Through-composed simply means a structure that has no repeated sections, it has nothing to do with rigour or control. Wagner's Prelude to Tristan und Isolde, for instance, is through-composed - it is, however, an organic growth of two motifs. Many through-composed pieces have just one motif, and they explore them in their entirety. Just because the structure isn't ternary, or sonata, doesn't mean rigour and control aren't involved. If anything, they are often required more, as without the limitations of a prescribed form, the composer has to be careful that the music has a goal and an aim.


[quote="Denian Arcoleo] Study any great work, particularly from within the common practice era (and countless numbers from without), and you will discover that motivic development - the principal of controlled organic growth and the transformation of motifs over the course of a piece - is absolutely fundamental to composition. The idea is that nothing is wasted in the process, instead the (hopefully inspired) material is viewed and developed in different ways and from different angles as the music progresses. This gives form and unity.[/quote]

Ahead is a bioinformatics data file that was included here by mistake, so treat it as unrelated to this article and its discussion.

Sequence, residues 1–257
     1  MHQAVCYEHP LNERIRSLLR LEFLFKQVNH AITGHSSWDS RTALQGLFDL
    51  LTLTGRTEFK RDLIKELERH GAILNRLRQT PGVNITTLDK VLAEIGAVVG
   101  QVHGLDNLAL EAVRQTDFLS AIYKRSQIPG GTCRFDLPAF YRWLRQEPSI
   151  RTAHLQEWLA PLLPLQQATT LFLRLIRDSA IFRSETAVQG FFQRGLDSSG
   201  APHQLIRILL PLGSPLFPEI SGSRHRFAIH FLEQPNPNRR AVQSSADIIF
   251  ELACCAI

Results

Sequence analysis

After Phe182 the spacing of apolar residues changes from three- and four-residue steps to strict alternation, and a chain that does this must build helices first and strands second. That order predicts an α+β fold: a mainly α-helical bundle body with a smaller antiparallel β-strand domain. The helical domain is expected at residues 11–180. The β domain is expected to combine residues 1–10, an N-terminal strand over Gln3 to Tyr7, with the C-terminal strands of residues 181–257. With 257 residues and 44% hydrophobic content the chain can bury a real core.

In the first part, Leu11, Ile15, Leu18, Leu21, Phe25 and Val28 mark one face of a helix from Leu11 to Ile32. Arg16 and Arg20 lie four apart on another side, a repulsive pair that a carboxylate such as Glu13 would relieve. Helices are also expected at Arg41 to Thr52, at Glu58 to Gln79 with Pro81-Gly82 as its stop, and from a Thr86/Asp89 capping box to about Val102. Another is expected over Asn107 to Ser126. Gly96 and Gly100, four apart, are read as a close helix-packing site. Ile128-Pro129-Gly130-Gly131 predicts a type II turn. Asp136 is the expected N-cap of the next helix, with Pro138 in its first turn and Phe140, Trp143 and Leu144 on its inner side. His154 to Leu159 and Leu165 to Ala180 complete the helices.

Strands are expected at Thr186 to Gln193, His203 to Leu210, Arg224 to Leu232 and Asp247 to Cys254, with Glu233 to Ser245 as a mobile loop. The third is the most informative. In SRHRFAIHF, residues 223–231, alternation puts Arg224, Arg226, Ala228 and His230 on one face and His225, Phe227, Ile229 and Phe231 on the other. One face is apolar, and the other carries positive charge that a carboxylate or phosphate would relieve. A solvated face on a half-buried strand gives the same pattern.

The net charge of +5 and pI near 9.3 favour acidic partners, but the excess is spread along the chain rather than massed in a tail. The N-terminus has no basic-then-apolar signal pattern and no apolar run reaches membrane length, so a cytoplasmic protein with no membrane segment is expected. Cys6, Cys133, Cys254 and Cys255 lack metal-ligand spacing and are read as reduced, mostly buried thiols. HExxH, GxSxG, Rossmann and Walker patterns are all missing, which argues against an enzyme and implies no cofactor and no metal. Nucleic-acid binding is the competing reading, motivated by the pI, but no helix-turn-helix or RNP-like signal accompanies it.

Unless you follow the John Cage school of thought.

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Re: evocative vs. rigorous music

Post by Denian Arcoleo » Fri May 16, 2014 5:34 pm

Well, the term through composed does indeed mean with no repeated sections. But it also has another meaning related to compositional technique which essentially means the composer starts at the beginning and writes through to the end without looking back or making reference to anything that comes before in the piece. This latter meaning of the term is the one I was referring to. Check it out, you might learn something :wink: